I took an acting class. After the first day, the teacher quit, so they said take another. When I saw 'How to be a Stand-up Comedian,' it resonated. I realized I'd rather make 200 people laugh than make one person cry.
I always wanted to be an actor, but with a speech impediment it's kind of tough. I decided to roll the dice and take an acting class, which was very, very nerve-wracking... my stomach would just be in knots.
When I was in acting class, we did a lot of really serious scenes, and we didn't do comedic scenes. I felt like doing those scenes, it didn't come out of my mouth the right way. I don't know if it's because my voice is different, or what it is about me, but it just seemed a little off.
I had no real direction at all in my 20's and so I did what a lot of people without direction do: I took an acting class. In one of those first days of the class, I did this weird, silly improv, and it got laughs. It was such a blissful moment. I've never gotten over that love of hearing laughter. As a people pleaser, it's the drug of choice for me.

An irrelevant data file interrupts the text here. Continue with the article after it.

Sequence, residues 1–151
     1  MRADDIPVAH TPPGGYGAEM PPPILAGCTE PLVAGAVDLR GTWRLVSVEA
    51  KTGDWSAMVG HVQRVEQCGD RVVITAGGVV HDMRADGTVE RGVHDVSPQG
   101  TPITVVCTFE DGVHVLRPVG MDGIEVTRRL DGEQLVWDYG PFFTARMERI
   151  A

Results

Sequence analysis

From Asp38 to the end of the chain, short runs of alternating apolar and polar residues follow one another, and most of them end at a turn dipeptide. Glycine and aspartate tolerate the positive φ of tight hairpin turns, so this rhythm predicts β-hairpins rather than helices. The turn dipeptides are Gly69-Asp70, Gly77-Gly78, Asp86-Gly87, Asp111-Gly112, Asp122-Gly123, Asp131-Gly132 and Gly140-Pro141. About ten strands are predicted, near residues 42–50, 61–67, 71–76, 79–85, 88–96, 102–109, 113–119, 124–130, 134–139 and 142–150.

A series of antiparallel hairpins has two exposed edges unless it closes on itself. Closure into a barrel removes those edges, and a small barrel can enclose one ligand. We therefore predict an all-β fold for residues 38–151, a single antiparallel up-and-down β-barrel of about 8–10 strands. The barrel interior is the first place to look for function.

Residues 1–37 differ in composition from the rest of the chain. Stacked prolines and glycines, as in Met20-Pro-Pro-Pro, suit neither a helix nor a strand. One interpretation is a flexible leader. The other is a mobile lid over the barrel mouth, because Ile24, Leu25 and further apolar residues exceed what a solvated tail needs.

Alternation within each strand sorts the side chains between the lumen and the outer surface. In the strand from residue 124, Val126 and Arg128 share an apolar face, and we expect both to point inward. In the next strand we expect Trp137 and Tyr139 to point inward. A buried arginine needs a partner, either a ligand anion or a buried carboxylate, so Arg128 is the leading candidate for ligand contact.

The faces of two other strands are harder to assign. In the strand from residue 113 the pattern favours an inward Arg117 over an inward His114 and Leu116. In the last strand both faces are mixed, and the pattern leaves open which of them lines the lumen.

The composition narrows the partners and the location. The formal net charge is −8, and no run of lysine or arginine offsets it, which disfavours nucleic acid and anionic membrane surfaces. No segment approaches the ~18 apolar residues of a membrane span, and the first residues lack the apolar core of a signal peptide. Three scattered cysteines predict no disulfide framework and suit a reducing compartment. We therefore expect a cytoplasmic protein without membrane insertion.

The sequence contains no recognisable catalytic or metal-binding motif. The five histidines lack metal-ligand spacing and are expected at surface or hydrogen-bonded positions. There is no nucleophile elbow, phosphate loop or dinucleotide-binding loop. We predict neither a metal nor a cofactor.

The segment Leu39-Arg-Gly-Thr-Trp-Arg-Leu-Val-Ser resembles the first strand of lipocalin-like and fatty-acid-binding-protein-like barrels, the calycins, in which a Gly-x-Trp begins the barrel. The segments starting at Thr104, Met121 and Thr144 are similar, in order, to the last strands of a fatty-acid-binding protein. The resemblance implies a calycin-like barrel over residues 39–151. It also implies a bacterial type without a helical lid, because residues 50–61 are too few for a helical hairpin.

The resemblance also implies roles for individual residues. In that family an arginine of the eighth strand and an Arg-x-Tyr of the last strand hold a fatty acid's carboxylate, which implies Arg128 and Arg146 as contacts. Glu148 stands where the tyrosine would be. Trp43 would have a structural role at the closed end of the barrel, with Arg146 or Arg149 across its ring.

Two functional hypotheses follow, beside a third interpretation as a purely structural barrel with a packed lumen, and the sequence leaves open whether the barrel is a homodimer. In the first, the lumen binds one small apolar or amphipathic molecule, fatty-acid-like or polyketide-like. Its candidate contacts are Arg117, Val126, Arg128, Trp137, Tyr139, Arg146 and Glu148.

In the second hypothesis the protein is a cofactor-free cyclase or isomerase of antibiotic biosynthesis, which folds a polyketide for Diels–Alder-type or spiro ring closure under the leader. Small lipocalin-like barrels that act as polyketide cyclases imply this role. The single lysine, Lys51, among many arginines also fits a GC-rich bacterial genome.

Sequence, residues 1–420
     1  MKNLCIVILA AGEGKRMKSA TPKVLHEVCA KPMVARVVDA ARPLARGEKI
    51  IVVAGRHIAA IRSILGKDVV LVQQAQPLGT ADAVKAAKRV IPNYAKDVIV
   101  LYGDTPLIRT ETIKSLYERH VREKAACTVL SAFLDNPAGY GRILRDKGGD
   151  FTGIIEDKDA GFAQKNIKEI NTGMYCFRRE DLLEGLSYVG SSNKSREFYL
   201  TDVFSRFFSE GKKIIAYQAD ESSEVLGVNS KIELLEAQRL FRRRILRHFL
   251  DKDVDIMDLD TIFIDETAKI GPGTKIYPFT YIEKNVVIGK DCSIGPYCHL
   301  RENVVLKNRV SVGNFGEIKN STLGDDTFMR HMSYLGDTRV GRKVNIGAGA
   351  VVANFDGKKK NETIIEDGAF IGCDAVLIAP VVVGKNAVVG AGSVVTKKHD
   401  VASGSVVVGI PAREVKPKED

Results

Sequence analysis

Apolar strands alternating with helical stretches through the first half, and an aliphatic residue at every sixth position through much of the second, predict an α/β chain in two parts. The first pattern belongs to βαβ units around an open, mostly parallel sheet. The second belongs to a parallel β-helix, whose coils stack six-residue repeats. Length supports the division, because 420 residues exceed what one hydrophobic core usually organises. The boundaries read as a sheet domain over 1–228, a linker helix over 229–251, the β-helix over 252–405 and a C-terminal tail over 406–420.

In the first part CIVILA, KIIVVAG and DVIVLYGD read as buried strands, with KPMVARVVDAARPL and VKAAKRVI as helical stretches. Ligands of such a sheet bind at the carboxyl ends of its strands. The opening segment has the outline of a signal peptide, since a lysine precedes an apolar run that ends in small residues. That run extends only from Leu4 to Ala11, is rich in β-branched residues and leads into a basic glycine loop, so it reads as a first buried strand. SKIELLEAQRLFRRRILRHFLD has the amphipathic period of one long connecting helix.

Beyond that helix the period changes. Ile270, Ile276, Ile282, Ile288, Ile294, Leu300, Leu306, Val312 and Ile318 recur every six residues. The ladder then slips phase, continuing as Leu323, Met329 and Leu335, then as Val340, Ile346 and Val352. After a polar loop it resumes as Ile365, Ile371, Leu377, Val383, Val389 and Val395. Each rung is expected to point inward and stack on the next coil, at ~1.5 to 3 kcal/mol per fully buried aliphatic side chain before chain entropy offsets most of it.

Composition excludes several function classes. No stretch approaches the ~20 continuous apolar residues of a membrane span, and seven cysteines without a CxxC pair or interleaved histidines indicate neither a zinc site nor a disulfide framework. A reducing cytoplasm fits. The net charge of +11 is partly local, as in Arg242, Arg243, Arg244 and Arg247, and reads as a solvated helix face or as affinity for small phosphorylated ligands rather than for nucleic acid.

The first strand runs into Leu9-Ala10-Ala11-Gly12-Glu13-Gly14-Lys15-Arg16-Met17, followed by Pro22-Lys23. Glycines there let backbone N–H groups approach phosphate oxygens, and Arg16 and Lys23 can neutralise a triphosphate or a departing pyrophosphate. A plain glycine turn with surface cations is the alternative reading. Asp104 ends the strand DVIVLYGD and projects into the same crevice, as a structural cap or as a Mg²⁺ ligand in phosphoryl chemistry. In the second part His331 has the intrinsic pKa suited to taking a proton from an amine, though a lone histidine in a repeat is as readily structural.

I took my first acting class at age 6 because I found out that's what Carol Burnett was doing - acting. Also she had an imaginary friend as a kid and went to UCLA, two things we have in common. I will always admire her and hope one day, I can make someone laugh a fraction as hard as she's made me bellyache.
As the acting class was going on, I just realized I just knew more about cinema than the other people in the class. I cared about cinema and they cared about themselves. But two, was actually at a certain point I just realized that I love movies too much to simply appear in them. I wanted the movies to be my movies.